Electric aircrafts use electric motors for propulsion, which is a departure from traditional aircrafts that rely solely on internal combustion. This technology has the potential for zero-emission flights, reduced noise levels, and lower operating costs.
Advanced air mobility (AAM) is a transportation system that aims to leverage these electric aviation technologies to provide safe and efficient transport for passengers and cargo within urban and suburban areas, as well as between cities and communities.
AAM will utilize both new and existing assets to offer on-demand aviation services, such as transforming general aviation airports into community mobility hubs for vertical and short takeoff and landing (V/STOL) aircraft or modifying rooftops to accommodate vertiports.
Le Bris stated that WSP has been actively involved in the discussion on the emergence of electric aviation and AAM. The company’s focus is to assist airports, local governments, and other stakeholders in preparing for the next step in aerial innovation by creating realistic plans to enable air mobility for all and incorporating these technologies for the benefit of our communities.
Electric aviation is one of the keys to the future of aviation
“It is exciting because it is an innovative, rapidly changing field that is unlocking new opportunities for the aviation community as well as bringing solutions for greener, more inclusive air mobility.”
Electric aviation offers many benefits for both commuters and stakeholders. S7Clear is positioned to provide its unique expertise and guidance in this emerging field.
Aviation contributes to about 2% of carbon emissions and 3.5% of climate change drivers. The industry has been striving to reduce its carbon footprint for over two decades and has committed to achieving worldwide net zero emissions by 2050.
In October, the International Civil Aviation Organization endorsed the 2050 net zero emissions goal. Achieving this goal will require the implementation of electric propulsion systems, sustainable aviation fuels, and hydrogen technologies.
Electric aviation offers new opportunities for commuters, as electric vertical takeoff and landing (eVTOL) aircraft can lower the cost of on-demand, point-to-point air taxi services, making air travel comparable to transportation network companies like Uber or Lyft. This can revolutionize transportation in congested metropolitan areas and smaller communities, increasing connectivity and accessibility.
Electric fixed-wing aircraft technologies can also facilitate a revival of regional aviation and benefit regions that have lost air service due to the COVID-19 pandemic and the phasing out of small regional jets.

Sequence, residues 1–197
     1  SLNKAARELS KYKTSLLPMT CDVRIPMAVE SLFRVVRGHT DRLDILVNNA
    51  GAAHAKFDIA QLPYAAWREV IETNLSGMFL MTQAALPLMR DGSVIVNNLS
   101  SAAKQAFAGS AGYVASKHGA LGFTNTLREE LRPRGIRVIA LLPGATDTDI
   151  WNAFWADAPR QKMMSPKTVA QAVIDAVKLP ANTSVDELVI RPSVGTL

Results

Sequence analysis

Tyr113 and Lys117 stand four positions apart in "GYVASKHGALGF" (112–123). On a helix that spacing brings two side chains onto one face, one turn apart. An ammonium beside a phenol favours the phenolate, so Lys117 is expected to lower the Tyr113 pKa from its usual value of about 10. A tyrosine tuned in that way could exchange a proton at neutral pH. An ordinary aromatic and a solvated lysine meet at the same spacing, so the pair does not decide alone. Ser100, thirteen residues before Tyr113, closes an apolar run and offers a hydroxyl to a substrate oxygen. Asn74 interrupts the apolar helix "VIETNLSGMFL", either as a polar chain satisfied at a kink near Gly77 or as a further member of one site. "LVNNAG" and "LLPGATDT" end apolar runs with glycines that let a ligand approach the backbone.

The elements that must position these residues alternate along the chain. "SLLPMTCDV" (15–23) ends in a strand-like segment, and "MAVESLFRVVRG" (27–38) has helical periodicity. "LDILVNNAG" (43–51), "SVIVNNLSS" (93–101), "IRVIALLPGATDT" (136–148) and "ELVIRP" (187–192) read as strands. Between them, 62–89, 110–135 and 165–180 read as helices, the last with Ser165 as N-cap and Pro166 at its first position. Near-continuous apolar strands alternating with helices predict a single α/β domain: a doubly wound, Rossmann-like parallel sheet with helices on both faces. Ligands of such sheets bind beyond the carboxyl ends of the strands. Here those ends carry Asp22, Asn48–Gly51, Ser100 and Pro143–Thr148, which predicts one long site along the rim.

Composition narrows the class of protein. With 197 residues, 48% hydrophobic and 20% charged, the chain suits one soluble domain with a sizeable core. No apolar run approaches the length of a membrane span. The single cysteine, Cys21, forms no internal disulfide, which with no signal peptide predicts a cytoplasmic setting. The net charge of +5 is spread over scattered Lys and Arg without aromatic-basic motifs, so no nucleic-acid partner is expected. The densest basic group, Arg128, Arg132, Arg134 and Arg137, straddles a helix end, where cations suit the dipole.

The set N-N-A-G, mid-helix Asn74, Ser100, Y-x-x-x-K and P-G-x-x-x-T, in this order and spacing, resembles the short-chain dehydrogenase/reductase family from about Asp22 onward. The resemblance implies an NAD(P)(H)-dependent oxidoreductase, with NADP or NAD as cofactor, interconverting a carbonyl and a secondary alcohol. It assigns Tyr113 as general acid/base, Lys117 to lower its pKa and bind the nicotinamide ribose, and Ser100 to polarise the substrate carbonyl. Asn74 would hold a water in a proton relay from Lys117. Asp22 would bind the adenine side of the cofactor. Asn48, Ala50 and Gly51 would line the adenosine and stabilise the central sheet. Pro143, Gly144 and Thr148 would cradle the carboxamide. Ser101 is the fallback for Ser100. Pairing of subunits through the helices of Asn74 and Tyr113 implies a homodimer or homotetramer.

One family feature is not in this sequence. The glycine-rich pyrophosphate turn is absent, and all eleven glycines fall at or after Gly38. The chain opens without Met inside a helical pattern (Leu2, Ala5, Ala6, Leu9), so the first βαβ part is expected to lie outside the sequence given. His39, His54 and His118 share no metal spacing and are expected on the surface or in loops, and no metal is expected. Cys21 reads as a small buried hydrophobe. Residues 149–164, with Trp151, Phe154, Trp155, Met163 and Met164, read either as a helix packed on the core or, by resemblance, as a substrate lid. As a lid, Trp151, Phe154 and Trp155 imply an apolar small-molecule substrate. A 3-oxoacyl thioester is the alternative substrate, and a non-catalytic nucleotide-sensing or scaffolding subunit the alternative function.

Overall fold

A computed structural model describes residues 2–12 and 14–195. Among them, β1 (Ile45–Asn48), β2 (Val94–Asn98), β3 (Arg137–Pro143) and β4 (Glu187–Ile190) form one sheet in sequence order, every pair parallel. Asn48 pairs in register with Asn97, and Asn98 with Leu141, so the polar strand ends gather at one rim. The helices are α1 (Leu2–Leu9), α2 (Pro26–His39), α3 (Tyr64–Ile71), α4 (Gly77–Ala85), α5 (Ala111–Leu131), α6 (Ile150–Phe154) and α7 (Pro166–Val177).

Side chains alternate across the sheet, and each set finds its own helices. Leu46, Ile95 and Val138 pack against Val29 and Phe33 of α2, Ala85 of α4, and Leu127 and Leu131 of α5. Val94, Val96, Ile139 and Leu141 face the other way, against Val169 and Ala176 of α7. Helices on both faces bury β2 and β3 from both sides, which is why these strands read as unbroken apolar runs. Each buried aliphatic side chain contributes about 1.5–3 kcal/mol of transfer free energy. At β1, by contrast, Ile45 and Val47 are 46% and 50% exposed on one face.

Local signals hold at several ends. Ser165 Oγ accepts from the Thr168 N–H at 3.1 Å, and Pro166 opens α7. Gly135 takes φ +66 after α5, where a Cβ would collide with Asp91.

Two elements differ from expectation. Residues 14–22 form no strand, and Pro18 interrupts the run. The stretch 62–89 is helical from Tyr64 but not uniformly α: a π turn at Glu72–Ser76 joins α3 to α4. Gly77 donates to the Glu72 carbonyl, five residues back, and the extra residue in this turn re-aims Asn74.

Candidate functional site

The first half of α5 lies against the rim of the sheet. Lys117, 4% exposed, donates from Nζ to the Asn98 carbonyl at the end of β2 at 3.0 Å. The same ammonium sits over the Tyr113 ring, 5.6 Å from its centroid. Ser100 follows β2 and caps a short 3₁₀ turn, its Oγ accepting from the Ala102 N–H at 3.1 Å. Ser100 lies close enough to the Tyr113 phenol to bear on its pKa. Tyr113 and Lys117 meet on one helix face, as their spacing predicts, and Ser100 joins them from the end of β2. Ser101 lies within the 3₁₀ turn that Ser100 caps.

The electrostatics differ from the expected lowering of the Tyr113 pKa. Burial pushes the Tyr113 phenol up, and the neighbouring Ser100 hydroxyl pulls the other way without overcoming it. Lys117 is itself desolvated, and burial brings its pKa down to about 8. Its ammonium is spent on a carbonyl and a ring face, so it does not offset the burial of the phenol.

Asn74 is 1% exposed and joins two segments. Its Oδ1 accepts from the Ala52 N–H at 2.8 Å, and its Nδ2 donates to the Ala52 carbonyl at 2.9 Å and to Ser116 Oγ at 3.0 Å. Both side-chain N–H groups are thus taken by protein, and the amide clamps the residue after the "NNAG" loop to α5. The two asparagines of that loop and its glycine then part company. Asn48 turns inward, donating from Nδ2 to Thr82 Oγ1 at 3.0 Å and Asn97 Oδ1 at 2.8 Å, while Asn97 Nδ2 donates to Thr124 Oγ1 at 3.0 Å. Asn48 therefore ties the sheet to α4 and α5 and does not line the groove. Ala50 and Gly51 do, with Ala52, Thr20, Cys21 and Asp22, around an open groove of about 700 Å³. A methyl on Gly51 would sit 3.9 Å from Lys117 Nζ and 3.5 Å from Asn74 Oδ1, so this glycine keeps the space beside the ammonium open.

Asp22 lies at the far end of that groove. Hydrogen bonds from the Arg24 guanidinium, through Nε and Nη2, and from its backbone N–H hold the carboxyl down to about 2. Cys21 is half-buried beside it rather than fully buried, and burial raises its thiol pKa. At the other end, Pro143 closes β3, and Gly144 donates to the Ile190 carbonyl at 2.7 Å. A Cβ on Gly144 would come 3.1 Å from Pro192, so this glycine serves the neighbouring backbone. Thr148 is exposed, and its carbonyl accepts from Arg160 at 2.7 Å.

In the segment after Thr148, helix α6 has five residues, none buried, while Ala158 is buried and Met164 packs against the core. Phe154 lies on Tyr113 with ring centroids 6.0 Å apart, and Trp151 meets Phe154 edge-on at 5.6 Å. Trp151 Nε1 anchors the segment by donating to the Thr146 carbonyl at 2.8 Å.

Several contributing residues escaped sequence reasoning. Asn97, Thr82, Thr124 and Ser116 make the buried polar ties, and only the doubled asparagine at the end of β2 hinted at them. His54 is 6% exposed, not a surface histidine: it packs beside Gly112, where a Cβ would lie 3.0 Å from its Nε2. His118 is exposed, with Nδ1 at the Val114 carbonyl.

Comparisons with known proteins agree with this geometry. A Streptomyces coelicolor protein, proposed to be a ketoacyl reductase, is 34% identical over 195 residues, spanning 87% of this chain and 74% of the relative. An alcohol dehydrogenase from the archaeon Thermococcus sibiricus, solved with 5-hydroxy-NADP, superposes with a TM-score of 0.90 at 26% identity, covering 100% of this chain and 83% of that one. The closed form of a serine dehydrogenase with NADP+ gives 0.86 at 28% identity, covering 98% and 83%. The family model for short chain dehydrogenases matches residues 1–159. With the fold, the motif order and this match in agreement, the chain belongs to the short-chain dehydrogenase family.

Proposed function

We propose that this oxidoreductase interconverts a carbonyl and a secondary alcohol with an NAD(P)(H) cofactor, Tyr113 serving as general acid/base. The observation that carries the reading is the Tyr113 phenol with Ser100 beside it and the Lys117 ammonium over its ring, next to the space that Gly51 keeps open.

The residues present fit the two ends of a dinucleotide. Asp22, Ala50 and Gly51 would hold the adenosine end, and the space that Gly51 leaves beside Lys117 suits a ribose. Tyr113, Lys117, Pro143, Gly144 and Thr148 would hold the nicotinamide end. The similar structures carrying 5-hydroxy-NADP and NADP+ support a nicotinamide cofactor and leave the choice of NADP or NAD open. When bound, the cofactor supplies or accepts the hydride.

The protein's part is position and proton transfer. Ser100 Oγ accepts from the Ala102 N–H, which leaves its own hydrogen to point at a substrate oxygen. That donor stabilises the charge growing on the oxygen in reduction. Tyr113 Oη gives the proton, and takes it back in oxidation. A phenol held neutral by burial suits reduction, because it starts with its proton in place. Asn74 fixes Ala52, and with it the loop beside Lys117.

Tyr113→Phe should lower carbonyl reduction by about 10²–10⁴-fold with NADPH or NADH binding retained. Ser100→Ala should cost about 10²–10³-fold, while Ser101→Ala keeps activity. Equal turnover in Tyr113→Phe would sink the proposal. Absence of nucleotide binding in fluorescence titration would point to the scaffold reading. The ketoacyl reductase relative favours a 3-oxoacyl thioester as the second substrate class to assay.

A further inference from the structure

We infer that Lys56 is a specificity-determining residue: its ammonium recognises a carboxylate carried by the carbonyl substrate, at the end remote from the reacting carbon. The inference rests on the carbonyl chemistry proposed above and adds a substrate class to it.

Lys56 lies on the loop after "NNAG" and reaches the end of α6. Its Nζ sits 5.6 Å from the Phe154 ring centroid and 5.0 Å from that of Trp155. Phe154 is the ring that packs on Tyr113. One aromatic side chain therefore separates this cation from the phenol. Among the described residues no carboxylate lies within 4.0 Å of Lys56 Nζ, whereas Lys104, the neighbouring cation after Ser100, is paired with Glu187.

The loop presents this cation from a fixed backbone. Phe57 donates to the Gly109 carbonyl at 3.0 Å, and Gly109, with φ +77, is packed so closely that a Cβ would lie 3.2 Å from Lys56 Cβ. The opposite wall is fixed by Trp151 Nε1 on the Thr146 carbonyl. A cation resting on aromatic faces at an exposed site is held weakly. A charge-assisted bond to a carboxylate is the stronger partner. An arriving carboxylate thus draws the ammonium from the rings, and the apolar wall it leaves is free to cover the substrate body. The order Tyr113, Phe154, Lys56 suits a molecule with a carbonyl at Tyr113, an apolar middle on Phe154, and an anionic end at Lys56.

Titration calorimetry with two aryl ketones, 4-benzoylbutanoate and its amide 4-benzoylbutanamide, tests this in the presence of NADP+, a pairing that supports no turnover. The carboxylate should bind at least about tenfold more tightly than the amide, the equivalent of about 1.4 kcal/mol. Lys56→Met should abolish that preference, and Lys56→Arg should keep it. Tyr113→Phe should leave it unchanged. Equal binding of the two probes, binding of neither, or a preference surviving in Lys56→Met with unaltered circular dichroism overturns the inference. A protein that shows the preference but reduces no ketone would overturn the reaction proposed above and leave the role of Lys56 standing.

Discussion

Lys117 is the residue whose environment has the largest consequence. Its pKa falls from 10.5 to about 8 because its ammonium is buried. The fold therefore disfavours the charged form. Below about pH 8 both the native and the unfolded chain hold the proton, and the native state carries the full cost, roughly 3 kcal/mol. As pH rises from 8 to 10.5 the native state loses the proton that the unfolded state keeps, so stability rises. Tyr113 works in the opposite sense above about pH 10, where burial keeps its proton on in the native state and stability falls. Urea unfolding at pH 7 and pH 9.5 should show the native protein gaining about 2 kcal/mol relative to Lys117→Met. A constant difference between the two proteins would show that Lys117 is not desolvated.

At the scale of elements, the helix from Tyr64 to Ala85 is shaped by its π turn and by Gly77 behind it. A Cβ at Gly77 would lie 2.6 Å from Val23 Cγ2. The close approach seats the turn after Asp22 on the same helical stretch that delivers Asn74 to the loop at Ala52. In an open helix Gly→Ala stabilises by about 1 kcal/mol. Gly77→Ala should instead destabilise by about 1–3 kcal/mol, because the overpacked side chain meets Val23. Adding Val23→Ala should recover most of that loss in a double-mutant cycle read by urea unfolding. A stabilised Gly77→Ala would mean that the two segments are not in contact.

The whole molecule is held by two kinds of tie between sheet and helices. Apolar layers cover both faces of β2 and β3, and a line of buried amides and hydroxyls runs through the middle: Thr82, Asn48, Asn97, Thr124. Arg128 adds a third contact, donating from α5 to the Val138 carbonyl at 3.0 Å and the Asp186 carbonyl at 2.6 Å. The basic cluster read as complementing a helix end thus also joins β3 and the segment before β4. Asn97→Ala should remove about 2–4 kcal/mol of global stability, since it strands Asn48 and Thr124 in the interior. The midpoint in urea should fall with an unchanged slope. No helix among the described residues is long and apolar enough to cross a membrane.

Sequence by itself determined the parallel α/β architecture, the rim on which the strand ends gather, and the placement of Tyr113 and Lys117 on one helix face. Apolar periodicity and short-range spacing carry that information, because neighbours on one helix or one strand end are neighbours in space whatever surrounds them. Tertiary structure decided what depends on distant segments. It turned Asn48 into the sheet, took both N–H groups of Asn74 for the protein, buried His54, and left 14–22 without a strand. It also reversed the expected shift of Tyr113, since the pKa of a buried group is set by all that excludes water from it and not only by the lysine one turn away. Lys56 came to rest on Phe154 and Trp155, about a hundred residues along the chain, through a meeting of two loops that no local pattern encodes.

There are more than 100 electric aircraft projects in development, many of them being designed for air taxi services and regional aviation. Some projects feature large unmanned aerial systems (UAS), or drones, for services in emergency and medical services as well as air freight. In addition, smaller drones, also known as sUAS, already provide a broad range of services from aerial surveys to last-mile small freight deliveries for parcels, food and medication.
Due to the limits of current technologies, most electric passenger aircraft designs are for smaller vehicles, with two-to-six-passenger capacity for on-demand or commuter services. Most have VTOL capabilities, or at least STOL capabilities. Some projects also expand the electric aircraft concept to larger regional aircraft with more conventional capabilities (or CTOL) with 19 to 30 passengers. Progress in batteries and fuel cell technologies are expected to help expand the range and capabilities of these vehicles.
Electric aircraft developments are on the horizon and might start becoming a commercial reality by 2025. While it will take time for manufacturers to produce and deliver these aircraft and for flight operators to adopt them, they are still fast approaching when compared to the typical timeframe of airport capital projects and master planning.
Early applications of electric aircraft may impact smaller airports and heliports first. As new vertiports are built, small general aviation airports and existing heliports will also be hosting AAM services as capacity becomes available.
There is an opportunity to optimize the use of these assets and to enhance mobility options at the local level. For travelers taking a flight to a farther destination and using AAM to reach a larger airport from their neighborhood, electric aircraft will be a fast and convenient vehicle enabling them to literally fly over the roadway traffic.
Airport operators should assess this emerging demand and determine the best way to address it. For capacity, safety and security considerations, many commercial service airports accommodating eVTOL services might want to consider a “landside” vertiport, which would be separate from their main aircraft operating area.
Such vertiports could be conveniently located on top of their parking garage or consolidated rental car facility, while lower-volume airports may choose to use their existing airfield and terminal apron.